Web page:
Sensitive skin is a pain—sometimes literally—and for skin allergy sufferers, contact with an allergen causes an itchy red rash that may last for weeks. Common skin care products such as soaps, serums and lotions (often what we hope will soothe painful skin) can trigger or worsen the irritation.
Sufferers in search of gentler skin care products may turn to “natural” options, hoping they’ll live up to the claims of an even, healthy-looking complexion. But are these products less likely to cause skin irritation?
To answer this question, Stanford Medicine researchers examined the websites of three national grocery and drug store chains, seeking skin care products labeled as “natural.” They then scoured their ingredient lists to determine whether the products contained common skin allergens.
Stanford Medicine dermatologist Gordon Bae, MD, and medical student Haiwen Gui discussed the results of the study, which was published in JAMA Dermatology last month, and what it means for consumers.
Many skin care products are marketed as natural, implying that they’re somehow better, safer or gentler on skin than other products. What does it actually mean when a product is labeled ‘natural?’
Bae: Most people think of natural products as containing fewer synthetic ingredients. These products may use ingredients such as minerals, herbal extracts or plant oils instead of their synthetic counterparts. But the Food and Drug Administration doesn’t have an exact definition of “natural,” so consumers don’t have a clear idea of what they are getting when manufacturers label their product as natural.
Gui: On the major retail websites we analyzed, there’s a separate, well-marketed group of products that are labeled as “natural,” “healthy for your skin” and “good for people who have sensitive skin.” But those labels can be misleading since there aren’t any guidelines or oversight.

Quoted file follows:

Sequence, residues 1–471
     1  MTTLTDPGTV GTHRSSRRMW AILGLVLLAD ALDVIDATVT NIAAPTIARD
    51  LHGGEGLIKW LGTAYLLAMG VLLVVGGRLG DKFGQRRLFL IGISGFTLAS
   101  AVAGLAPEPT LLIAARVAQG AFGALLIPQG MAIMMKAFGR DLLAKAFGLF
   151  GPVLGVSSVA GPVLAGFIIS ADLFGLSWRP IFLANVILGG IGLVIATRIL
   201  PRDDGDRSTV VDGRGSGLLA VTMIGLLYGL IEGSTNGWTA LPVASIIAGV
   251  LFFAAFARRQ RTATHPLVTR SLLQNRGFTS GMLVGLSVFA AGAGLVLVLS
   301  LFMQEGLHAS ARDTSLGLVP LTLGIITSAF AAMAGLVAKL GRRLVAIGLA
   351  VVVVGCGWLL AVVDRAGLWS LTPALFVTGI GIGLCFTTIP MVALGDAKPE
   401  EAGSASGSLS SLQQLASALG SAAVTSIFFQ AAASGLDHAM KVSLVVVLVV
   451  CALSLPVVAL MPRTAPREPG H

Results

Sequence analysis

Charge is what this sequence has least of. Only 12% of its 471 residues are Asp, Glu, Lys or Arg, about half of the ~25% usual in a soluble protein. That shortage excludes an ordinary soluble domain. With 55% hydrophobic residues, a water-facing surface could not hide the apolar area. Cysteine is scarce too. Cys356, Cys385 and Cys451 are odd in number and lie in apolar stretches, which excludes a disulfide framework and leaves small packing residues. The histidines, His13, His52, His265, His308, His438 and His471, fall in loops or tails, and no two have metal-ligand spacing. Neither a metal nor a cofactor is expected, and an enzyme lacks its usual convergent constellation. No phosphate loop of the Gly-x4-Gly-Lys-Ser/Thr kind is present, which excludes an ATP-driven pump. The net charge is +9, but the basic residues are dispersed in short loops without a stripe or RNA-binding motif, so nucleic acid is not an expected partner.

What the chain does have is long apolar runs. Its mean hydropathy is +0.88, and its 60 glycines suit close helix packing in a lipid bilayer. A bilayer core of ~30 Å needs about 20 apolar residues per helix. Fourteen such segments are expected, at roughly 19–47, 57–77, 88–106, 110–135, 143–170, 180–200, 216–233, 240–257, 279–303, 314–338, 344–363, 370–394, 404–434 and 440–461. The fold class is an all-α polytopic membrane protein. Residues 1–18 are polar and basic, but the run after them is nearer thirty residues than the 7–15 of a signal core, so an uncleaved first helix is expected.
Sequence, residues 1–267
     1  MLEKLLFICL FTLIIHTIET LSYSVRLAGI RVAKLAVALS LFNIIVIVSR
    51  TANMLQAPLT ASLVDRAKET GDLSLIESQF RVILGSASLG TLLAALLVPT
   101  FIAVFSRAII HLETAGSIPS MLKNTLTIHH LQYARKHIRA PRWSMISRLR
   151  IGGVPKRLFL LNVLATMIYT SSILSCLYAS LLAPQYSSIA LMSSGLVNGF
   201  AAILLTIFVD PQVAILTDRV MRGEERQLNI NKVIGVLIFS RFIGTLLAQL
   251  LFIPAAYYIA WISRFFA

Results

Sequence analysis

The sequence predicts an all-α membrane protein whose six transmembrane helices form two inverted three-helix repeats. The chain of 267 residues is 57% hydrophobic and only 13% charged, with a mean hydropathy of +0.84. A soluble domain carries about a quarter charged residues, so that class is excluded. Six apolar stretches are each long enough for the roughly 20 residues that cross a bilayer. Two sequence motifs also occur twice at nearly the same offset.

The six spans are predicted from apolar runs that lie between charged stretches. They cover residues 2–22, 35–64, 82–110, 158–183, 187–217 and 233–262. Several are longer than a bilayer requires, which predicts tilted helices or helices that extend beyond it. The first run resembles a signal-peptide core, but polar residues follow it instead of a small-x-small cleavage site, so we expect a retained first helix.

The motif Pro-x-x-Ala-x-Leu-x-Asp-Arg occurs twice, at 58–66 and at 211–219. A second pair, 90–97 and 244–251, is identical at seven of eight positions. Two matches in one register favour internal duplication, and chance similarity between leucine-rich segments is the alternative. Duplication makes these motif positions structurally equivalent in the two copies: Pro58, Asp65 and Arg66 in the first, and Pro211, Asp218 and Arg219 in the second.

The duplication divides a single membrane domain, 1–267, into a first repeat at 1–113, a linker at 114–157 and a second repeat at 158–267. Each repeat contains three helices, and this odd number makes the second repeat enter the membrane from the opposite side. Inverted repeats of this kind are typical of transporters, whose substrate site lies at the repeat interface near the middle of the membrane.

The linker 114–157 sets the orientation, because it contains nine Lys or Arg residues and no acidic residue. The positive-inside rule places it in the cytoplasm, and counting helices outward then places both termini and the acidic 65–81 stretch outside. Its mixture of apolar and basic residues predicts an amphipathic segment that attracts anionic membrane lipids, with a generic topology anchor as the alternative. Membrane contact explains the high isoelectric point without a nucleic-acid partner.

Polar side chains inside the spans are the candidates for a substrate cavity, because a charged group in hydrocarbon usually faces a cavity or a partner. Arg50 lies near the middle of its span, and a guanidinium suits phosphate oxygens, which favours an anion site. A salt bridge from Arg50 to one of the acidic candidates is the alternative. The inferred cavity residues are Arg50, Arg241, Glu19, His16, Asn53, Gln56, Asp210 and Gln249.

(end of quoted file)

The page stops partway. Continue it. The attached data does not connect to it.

Can contact with natural ingredients cause skin problems, or even an allergic reaction?
Bae: Yes, absolutely. One of the most prevalent skin diseases is contact dermatitis, which is an itchy rash caused by skin contact with an irritant or allergen. For example, if you’re using a facial moisturizer that contains an essential oil you’re allergic to, you’ll develop itchy red patches within a day or two of application. In the U.S., contact dermatitis accounts for around $1.5 billion in medical costs each year. It’s a pretty common problem.
We often prescribe topical steroids to calm down the itchy rashes, but if you’re very sensitive, you need exposure only once every three weeks to keep the allergic reaction going. It causes a lot of misery for patients because these allergens are so prevalent in natural skin care products that people end up getting exposed quite often, even if they stop using the product that caused the problem and switch to a new one.
You examined more than 1,700 ‘natural’ skin care products looking for skin allergens. What did you find?
Gui: Our study showed that more than 94% of the products contained at least one known contact allergen. And 90% had an ingredient ranked in the top 100 most clinically prevalent allergens—in other words, the allergens that most commonly affect patients.
Bae: The most common allergen we found, and the one most likely to cause allergies, is fragrance. “Fragrance mix” was listed as an ingredient in 36.6% of the products. Consumers can check the ingredients for limonene, eugenol and hexyl cinnamal, among others, which are commonly used for fragrance in natural products.
What should consumers keep in mind when shopping for a skin care product that’s gentle on sensitive skin?
Bae: If you have sensitive skin, or if you are planning on giving something to someone who has sensitive skin, rather than looking for products that are labeled as natural, clean or organic, try to get products that are labeled as fragrance free or hypoallergenic.
Gui: It’s also really important to increase consumer awareness about how difficult it can be to interpret what labels like “natural” mean, in terms of the safety and benefits, when they shop for skin care products. We need clear regulatory guidance for natural products so consumers aren’t led astray.
Peter A. Young et al, Prevalence of Contact Allergens in Natural Skin Care Products From US Commercial Retailers, JAMA Dermatology (2022). DOI: 10.1001/jamadermatol.2022.3180
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